Rajiv Gandhi राजीव गांधी (IPA: [raːdʒiːv gaːnd̪ʰiː]), born in Bombay, (August 20, 1944 – May 21, 1991), the elder son of Indira and Feroze Gandhi, was the 9th Prime Minister of India (and the third from the Nehru-Gandhi family) from his mother's death on 31 October 1984 until his resignation on December 2, 1989 following a general election defeat. He was the youngest Prime Minister of India (at the age of 40).
Rajiv Gandhi was a professional Pilot for Indian Airlines (now Air India) before entering politics. While at Cambridge, he met Italian-born Sonia Maino whom he later married. He remained aloof from politics despite his mother being the Indian Prime Minister, and it was only following the death of his younger brother Sanjay Gandhi in 1980 that Rajiv entered politics. After the assassination of his mother in 1984 after Operation Blue Star, Indian National Congress party leaders elected him Prime Minister.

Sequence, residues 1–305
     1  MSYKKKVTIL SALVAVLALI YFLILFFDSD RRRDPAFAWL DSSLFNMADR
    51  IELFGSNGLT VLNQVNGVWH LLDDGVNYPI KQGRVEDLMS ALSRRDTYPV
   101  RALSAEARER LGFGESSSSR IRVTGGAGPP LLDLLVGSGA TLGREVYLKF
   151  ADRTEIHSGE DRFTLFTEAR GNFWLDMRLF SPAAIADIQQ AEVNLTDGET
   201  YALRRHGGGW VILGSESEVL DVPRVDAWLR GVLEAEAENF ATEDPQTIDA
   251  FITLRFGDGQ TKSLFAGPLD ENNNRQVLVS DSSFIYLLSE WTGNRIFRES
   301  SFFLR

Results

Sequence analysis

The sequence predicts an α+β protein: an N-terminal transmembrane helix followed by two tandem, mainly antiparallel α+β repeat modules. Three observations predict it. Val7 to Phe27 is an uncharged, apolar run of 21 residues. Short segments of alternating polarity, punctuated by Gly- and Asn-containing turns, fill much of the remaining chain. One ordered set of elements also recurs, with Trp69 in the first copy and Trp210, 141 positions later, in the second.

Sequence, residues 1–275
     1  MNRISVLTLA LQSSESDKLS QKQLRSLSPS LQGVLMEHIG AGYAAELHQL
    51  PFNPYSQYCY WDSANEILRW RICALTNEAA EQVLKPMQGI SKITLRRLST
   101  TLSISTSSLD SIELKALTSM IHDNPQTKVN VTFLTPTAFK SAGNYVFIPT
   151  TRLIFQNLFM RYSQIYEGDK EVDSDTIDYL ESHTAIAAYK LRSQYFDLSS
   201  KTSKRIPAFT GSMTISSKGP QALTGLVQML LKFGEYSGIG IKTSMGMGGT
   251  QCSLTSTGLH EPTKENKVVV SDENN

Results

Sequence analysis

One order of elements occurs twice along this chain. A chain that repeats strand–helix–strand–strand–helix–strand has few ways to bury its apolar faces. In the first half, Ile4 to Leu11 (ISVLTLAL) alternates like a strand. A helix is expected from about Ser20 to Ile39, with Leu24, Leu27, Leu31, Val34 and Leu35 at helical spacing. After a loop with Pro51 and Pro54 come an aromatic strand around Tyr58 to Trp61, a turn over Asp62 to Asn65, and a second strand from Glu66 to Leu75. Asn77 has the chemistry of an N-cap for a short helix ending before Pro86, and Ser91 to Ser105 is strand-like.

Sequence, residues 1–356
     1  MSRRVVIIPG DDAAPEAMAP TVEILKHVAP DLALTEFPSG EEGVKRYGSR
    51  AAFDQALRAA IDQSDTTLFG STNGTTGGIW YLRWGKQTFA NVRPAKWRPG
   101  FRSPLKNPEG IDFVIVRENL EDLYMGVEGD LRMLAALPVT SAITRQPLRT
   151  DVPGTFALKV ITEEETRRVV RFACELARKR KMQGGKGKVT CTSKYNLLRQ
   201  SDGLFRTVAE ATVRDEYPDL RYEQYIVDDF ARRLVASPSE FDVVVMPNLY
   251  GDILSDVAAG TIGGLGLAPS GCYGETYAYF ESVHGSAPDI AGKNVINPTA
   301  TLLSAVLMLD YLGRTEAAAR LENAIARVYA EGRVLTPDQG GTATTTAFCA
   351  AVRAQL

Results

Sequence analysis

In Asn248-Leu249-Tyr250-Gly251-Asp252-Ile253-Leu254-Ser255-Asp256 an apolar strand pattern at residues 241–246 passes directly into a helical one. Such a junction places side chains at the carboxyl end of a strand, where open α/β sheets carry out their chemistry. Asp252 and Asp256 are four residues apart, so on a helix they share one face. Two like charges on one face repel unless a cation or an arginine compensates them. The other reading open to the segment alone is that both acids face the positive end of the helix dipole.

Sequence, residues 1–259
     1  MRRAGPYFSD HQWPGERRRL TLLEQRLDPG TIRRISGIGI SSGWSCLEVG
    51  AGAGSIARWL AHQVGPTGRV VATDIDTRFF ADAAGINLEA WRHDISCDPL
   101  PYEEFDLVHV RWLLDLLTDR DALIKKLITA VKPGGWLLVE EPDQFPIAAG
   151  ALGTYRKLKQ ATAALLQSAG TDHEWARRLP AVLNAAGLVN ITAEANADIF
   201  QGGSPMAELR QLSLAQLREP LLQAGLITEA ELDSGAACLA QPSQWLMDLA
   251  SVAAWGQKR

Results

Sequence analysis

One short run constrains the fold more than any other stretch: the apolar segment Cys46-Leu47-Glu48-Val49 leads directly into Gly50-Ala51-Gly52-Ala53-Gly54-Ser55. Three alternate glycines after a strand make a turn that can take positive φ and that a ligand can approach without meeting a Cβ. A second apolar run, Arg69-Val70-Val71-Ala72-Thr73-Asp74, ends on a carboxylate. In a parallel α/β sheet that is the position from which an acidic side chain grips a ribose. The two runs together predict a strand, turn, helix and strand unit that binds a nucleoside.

Rajiv Gandhi led the Congress to a major election victory in 1984 soon after, amassing the largest majority ever in Indian Parliament. The Congress party won 411 seats out of 542. He began dismantling the License Raj - government quotas, tariffs and permit regulations on economic activity - modernized the telecommunications industry, the education system, expanded science and technology initiatives and improved relations with the United States.
In 1988, Rajiv reversed the coup in Maldives antagonising the militant Tamil outfits such as PLO. He also was responsible for sending Indian troops (Indian Peace Keeping Force or IPKF) for peace efforts in Sri Lanka, which soon ended in open conflict with the Liberation Tigers of Tamil Eelam (LTTE) group. In mid-1987, the Bofors scandal broke his honest, corruption-free image and resulted in a major defeat for his party in the 1989 elections.
Rajiv Gandhi remained Congress President until the elections in 1991. While campaigning, he was assassinated by a female LTTE suicide bomber Thenmuli Rajaratnam. His...
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